Asking Nixon Newell to be in the video and to hit things; how did that conversation go?

Mark: Yeah, Nixon is one of my pals. We initially asked her to be in the ‘Fall To Pieces’ video; we were actually going to base the entire video around her. We were actually going to have a female protagonist, fighting-off-all-the-boys type of thing. However, I think she had a wrestling show that day and she had to pull out. This situation was actually ideal as I now think it was better than she didn’t do the ‘Fall To Pieces’ video. It was so much better and she was even more, super up for it this time around. I actually think she was in a mood that day because she was all ‘I want to break stuff!’ and she had a great time smashing stuff. I will embarrass her now; she did swing and miss a few times. Matt: Which was so funny. Mark: She killed it and we were psyched to have her in it as well.

So what is ‘Veronica’ about?

Mark: Yeah Matt, who IS Veronica about? Matt: Veronica is about bringing people together… nah, originally it was about one specific person but it then turned in to a song about toxic people in general. It became a track about people who exploit other peoples’ vulnerabilities. Initially it wasn’t supposed to be about a person and I feel that a big problem about pop punk is that it is quite sexist and there are a lot of songs about how much middle class white guys hate girls. Veronica was meant to be about more than that, it was more about the intent behind the actions and it then became a bigger thing. At first it became about a character that was screwing everybody over and it got more sort of surreal and more than about one specific figure. Mark: As Matt was saying, Pop Punk is a genre that is pretty much dominated by middle class white men and I know that it is very rich of us to sit here and say all of this as middle class white boys… Matt: It’s a shame that we write a song like that, we don’t want it to reflect any of these messages that have been a constant in such an insular genre, and it almost becomes what we didn’t want it to become. Mark: It’s such a cliché; a guy, complaining about his ex-girlfriend. This might have been what we were about when we were younger. We don’t want to write about that stuff anymore. Matt: As I said, it is very important for us to have this self-awareness. Sure, this might have started as a song about a girl, but there’s a reason that it’s a song about a girl. It’s nothing to do with the fact that she’s a girl. Mark: To go back to the self-awareness again; there are a lot of bands in pop punk, they don’t bother thinking about the bigger picture and it shouldn’t be a norm in any music genre to complain about girls. It shouldn’t have been made a cliché in the first place.

It seems that British pop punk is coming back in to the fray in a big way; would you agree with this?

Mark: Absolutely. Matt: Yes, sure. To me it because it’s quite immediate from the surface level down and it doesn’t take much to become invested in a really good pop punk song. It’s a pop song, and people like a good pop song. People also seem to be in to throwbacks at the moment… Mark: 2017 is the year of the Hipster and the nostalgia. Everybody over the age of 30 is starting to appreciate things ranging from board games to professional wrestling again. Everybody seems to be in to something that reminds them of when they were a child. It sounds bizarre, but this seems to go side by side with pop punk. People seem to be going back to their childhoods’ and seem to be enjoying what they did when they were younger. Si: I think the surge in the popularity in British wrestling is also to do with this. It’s really nice that the wrestling and the pop punk worlds’ do go hand in hand. It’s almost as though as rise in old school wrestling fans will lead to a rise in fans of pop punk. We’re in a great position as people go to wrestling shows, and they hear our music. Matt: It can be seen with something like nu-metal as well. It’s immediate. Mark: You always hear people of my parents’ generation talking about how things always get repeated. We always thought when we were kids that the current thing was cool, then it was uncool but now we know that it will most likely be cool again in a few years time. This all sounds pretentious and this is going to sound just as pretentious; we don’t want pop punk to define what the band is. We’re all in to lots of other genres and we know that we’re not going to be in a pop punk forever, we will evolve. Look at Blink 182 as a pop punk band; people think their self-titled is the best album that they have ever released and that album was not pop punk at all really. If in a year or so, we chose to mix it up a bit, we wouldn’t be afraid to. We’re going to get to that point that we will want to try something a bit different.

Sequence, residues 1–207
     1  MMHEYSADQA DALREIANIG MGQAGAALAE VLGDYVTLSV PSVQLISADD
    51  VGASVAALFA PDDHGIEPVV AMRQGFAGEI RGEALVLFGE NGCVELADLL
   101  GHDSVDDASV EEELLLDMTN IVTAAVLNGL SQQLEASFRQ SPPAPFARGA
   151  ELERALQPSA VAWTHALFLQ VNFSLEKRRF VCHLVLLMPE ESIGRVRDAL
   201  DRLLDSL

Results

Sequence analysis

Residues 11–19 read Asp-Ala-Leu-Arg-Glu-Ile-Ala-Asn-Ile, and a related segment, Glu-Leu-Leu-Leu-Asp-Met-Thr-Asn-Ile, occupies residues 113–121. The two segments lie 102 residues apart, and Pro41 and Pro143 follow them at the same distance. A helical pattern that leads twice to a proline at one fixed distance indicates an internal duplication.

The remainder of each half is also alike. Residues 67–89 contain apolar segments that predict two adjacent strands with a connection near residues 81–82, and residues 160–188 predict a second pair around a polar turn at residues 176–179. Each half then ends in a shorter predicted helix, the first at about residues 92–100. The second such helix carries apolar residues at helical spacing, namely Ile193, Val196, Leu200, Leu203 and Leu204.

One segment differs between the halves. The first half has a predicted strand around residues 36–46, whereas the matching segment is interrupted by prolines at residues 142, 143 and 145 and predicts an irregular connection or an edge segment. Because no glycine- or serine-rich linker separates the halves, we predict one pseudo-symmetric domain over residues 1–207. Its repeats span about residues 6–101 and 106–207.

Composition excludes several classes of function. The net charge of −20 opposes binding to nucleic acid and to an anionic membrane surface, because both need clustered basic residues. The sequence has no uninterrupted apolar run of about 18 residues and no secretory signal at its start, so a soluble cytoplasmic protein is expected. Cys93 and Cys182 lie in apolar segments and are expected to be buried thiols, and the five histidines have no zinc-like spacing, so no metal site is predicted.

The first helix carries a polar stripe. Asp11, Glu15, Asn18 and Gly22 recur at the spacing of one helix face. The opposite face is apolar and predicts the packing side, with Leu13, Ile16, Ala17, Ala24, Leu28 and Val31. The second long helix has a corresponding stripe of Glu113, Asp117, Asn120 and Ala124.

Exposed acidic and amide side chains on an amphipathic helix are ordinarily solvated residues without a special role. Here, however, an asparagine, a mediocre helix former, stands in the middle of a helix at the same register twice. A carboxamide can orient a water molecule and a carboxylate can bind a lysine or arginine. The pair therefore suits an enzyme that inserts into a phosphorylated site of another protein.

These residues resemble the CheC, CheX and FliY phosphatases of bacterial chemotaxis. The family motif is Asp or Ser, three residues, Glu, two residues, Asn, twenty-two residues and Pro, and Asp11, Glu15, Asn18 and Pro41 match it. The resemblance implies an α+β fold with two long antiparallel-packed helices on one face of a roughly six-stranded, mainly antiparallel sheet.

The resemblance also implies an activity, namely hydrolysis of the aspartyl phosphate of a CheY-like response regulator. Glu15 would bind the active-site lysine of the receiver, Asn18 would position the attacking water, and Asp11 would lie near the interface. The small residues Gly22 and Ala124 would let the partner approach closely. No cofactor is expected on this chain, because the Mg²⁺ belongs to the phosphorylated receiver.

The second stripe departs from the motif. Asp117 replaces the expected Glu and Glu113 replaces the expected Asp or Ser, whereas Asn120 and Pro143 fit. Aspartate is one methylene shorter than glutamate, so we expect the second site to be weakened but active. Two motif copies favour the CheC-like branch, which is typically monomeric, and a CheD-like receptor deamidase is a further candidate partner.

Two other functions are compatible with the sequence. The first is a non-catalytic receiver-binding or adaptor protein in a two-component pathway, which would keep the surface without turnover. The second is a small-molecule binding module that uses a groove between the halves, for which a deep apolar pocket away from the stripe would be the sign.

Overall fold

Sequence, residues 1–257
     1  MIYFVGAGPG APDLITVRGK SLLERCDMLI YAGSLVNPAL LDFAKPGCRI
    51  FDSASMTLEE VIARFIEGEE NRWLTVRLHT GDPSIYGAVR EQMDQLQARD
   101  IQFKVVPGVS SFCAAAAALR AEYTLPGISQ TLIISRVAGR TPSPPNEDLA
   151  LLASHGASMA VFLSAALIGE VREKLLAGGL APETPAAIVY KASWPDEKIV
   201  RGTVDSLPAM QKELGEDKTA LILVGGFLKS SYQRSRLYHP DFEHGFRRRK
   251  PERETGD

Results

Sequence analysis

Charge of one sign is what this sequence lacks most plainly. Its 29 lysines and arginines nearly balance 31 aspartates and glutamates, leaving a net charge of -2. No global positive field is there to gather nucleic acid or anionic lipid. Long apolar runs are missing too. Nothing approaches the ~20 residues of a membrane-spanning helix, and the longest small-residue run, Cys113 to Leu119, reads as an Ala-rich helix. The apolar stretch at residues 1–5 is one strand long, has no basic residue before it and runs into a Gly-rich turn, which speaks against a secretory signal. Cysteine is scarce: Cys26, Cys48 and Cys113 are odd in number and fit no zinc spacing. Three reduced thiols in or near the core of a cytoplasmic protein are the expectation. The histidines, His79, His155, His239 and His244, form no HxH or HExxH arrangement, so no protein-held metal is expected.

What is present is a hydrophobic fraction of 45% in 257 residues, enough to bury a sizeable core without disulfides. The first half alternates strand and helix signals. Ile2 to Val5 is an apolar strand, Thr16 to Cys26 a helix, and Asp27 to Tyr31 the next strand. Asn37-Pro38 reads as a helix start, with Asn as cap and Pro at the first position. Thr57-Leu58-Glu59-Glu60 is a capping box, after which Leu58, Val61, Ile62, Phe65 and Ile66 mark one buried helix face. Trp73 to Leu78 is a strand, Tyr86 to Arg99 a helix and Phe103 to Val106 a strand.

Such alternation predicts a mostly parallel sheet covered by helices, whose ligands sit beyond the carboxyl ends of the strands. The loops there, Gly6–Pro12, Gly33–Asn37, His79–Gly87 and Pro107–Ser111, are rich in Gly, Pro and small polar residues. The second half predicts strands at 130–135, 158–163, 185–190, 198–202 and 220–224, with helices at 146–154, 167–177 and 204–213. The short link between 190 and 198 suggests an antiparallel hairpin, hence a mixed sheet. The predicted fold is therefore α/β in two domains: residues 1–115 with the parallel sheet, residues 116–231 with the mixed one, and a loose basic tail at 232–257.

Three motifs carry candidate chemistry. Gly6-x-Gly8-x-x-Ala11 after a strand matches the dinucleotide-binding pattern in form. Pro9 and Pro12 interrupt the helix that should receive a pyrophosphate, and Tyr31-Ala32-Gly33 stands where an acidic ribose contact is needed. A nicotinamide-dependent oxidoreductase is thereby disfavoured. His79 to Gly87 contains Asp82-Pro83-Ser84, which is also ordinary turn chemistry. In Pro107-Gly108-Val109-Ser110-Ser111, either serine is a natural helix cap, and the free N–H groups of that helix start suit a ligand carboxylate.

Si, you said earlier on that you’re the founder of a not-for-profit organisation; could you elaborate on that?

I run a non-profit organisation called ‘Heads Above The Waves’ to help people with depression and in particular self-harm, and we focus on trying to find creative ways to deal with bad days. Music plays such a huge part in this; it plays a huge part with other people that I work with, it plays a huge part in schools and a huge part in the lives of people we talk to on a day to day basis. Music has that power to really speak to people. This is, again, going to sound cliché but we have had a number of people come up to us during our shows and tell us how much of an impact Junior has had on them and how it has helped them and that is really beautiful. For me, it was bands like Blink 182 and The Wonder Years who played a big part in turning my life around. It had a really good influence on my life. It’s amazing that we are able to do that for people as well. Heads Above The Waves have a little shop in Cardiff; if you’re reading this, come on by.

Junior – ‘Juniorland’ and new single, ‘Veronica’ is out now – musicofjunior.bandcamp.com

Mark (Andrews), Nixon Newell, Pete Dunne and Marty Scrull are involved with a number of independent wrestling promotions in the UK. Mark is also involved with World Wrestling Entertainment.

The Head Above The Waves shop can be found in Castle Emporium, Womanby Street (Cardiff).


By Rhys Heal